Ratepayers will find out if they still have to deal with eight sets of bureaucracy.

Will Aucklanders be able to pay their rates and water bills at the same time and ring one telephone number to report a pothole or a noisy party?

Those are among the questions the Auckland Council will grapple with as it embarks on a review of its seven council-controlled organisations, or CCOs.

Three years after the commercially focused CCOs were set up to run about 75 per cent of Super City services, the council has decided to take a good look at how the model is working and what needs to change.

There is a lot to consider at a strategic level, but also at ground level where ratepayers have to deal with eight different sets of bureaucracy.


For a full copy of the council current state assessment of the CCOs, go to:

Councillors have been surveyed on their thoughts and are generally happy with the model working at arm's length from City Hall, but also feel that seven CCOs may be too many.

A Herald review of the CCOs at the two-year mark in 2012 revealed a school of thought that the number of CCOs could be reduced from seven to four with Auckland Council Investment brought in-house, and mergers between Regional Facilities Auckland/Auckland Tourism, Events and Economic Development (Ateed), and Waterfront Auckland/Auckland Council Property.

When the issue came up at last Thursday's governing body meeting, there was not a mood among councillors for wholesale change. It was not a broken ship, said councillor Chris Darby, but an opportunity to refine the ship.

The review, headed by new chief executive Stephen Town, will look at whether there is a need to change the scope and activities and functions within the CCOs, which are responsible for everything from public transport, water, the waterfront, and big events such as the NRL League Nines and this weekend's Pasifika festival.

At last Thursday's meeting, councillor Cathy Casey got an amendment passed adding the words "whether any CCO activity/function would be better delivered by council or by a different or amalgamated CCO" into the review. This was much clearer, she said, than the weasel words in the terms of reference.

One issue the review will take a close look at is overlapping responsibilities between the CCOs.

One example of this is the plan to turn Quay St into a pedestrian boulevard. Auckland Transport has overall responsibility but Waterfront Auckland, Regional Facilities Auckland and Ateed all have an interest in the project as do the council, Waitemata Local board and the council's city transformation team.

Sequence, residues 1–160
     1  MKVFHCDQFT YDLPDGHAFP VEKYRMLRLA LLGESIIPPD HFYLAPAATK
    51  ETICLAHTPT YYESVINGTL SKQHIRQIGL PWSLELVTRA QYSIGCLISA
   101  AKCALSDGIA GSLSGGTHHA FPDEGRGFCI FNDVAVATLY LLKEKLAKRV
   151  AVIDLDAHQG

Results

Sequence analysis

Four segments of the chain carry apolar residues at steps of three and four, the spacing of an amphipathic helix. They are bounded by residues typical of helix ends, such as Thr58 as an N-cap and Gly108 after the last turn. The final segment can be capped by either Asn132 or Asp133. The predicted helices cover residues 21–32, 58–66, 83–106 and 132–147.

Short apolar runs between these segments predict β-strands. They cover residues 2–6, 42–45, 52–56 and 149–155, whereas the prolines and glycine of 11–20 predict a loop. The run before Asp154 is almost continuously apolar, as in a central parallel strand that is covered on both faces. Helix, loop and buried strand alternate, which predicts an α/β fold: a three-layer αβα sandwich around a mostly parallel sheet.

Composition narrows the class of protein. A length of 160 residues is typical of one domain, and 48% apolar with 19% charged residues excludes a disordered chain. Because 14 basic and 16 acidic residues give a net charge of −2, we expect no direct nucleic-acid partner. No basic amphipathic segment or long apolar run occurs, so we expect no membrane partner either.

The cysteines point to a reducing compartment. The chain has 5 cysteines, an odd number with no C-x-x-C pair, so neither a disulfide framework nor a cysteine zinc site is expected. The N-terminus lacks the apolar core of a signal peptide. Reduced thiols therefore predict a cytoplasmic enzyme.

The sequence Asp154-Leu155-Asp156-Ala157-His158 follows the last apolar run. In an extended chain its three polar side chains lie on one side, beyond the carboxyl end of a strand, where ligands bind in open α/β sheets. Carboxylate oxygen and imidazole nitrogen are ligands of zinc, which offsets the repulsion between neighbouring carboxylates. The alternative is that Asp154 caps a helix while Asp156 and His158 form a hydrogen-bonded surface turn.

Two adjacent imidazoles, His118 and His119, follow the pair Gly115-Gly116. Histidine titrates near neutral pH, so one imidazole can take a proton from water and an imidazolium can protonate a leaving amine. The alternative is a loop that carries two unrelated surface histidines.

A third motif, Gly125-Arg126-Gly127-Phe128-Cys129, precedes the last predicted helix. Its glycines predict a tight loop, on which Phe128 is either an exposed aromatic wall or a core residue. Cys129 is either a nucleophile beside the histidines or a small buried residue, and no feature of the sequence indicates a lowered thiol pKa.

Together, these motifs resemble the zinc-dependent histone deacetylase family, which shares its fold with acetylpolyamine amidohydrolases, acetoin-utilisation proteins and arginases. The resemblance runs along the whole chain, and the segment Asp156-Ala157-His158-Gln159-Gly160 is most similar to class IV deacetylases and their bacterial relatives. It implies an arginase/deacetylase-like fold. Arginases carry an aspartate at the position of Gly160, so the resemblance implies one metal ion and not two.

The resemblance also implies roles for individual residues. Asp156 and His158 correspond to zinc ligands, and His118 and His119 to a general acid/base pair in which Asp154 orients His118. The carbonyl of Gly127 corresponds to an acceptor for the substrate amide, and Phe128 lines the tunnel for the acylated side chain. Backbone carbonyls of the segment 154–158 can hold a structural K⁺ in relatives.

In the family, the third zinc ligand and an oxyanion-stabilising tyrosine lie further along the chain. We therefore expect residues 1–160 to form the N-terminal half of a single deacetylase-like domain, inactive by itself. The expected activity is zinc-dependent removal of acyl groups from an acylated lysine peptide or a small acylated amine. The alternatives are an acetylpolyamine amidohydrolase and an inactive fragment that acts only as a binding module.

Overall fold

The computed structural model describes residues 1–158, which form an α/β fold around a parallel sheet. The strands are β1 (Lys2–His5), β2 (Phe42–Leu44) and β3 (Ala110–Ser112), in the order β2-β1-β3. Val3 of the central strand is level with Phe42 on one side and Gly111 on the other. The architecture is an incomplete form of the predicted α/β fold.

The overlaps are being addressed by a new group, the city centre integration group.

The marketing and delivery of events is another area where Ateed, Regional Facilities Auckland and the council overlap.

A "current state assessment" of the CCOs, which interviewed council staff, elected representatives, CCO directors and staff found a range of views on what was working well, what wasn't and teased out issues and opportunities.

The overall view from the council was the CCOs had been a large part of important progress made by the Super City in the first three years, including the development of the Auckland waterfront, big events and securing government support for the city rail link. The CCOs' overall view was that the model was working well at a structural level, but there was a lack of understanding or acceptance within the ranks of the council, councillors and local board members about the respective roles of management, governance and ownership.

Communication between the council and CCOs was another common theme, as was the view that councillors took the rap when CCOs stuffed up, such as over mowing berms (Auckland Transport) and demolishing the Japanese Garden at Auckland Zoo (Regional Facilities).

On the other hand, the CCOs said councillors often confused their role and got involved in their operations. One instance cited was a councillor objecting to Auckland Transport choosing the colour of street signs.

The CCOs said they were mindful of a "no surprises" policy with the council but it was not always reciprocated as happened when Mayor Len Brown made public comments about the proposed port expansion.

The review is expected to take 18 months to coincide with the new long-term plan. The timetable is a year longer than an election promise by Mr Brown to complete a CCO review by June of this year.

On Thursday, he said he was keen to move at pace "but like everyone you are entitled to review your view".